Projects underway for historic Bristol Bay cannery

Sharon Wlaysewski Thompson films cannery caretaker, Carvel Zimin Jr. at the old NN Cannery at South Naknek, 2016. Photo by Katherine Ringsmuth

Three major projects are underway in Naknek and South Naknek this summer to commemorate the life and times of the 129-year-old NN Cannery in South Naknek, including a film on cannery caretakers, a photo exhibition of the 1919 flu outbreak and building of a cannery model.

The NN Cannery History Project, led by Katherine Ringsmuth, and Alaska Video Postcards have teamed up to produce a film called Cannery Caretakers, about Alaska Native people who historically supplied salmon to the cannery, constituted the spring/fall crew that prepared the cannery for the fishing season and later winterized the facility, and served as winter watchmen of facilities and stored boats.

These workers were descendants of Katmai who migrated downriver and established South Naknek after the Novarupta volcano destroyed Savonoski village and cteated the Valley of 10,000 Smokes in 1912. Settlement at New Savonoski was brief because of the Spanish flu pandemic and red salmon crash of 1919, which drove Native residents to find work at the NN Cannery in South Naknek.

Two children from New Savonoski orphaned by the Spanish Flu epidemic in 1919. The children were brought to the NN Cannery for medical care. They are photographed in front of the APA Office and Superintendents White House. Alaska State Library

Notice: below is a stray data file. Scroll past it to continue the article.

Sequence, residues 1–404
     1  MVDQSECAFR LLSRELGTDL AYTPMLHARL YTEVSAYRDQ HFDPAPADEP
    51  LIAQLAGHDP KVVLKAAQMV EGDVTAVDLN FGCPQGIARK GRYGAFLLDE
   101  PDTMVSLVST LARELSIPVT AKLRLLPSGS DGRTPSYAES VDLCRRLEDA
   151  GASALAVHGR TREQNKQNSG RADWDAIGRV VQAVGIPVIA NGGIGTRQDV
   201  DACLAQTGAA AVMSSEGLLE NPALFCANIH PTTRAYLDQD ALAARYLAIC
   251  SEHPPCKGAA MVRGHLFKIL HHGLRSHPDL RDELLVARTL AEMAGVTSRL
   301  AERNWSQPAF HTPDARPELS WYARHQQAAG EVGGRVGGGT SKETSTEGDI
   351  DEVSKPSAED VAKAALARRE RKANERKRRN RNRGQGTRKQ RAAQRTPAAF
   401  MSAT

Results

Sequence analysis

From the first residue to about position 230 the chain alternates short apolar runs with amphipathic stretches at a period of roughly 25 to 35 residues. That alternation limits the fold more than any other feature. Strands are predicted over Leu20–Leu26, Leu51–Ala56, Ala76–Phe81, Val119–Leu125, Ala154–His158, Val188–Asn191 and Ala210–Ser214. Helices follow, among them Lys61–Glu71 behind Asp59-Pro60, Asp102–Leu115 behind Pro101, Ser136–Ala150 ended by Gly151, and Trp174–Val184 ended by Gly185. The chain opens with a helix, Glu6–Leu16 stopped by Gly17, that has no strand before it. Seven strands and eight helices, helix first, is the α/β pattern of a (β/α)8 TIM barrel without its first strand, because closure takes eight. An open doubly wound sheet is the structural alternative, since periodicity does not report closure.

“The film will share the local perspective of a global industry and fill a big gap in the historic record,” said Ringsmuth, a University of Alaska Anchorage history professor and the sole proprietor of Tundra Vision, a public history consulting firm in Anchorage that focuses on history exhibits and curation. The film project was made possible with a generous grant from the Alaska Humanities Forum, she said.  Alaska Video Postcards, a privately held video production firm in Anchorage, is owned by Todd Hardesty.

Project coordinators have commissioned Aleut carver Andrew Abyo, who was raised at Pilot Point, to build a 1/25-inch scale model of the NN Cannery, which will serve as the centerpiece of the Mug Up exhibition at the Alaska State Museum in Juneau.

Summer projects also include a photo exhibition, Bristol Bay Remembers: The Great Flu of 1919, on display from June 1 through July 31 at the Bristol Bay Historical Society Museum in Naknek, curated by Tim Troll, director of the Bristol Bay Heritage Land Trust and history advisor for the project. The photo exhibition is a remembrance to those who died in the pandemic, those who came to help and the children who survived and their descendants living in the Bristol Bay region today.  Support for the exhibit came from the National Endowment for the Humanities and Bristol Bay Heritage Land Trust.More information about the summer projects is online at and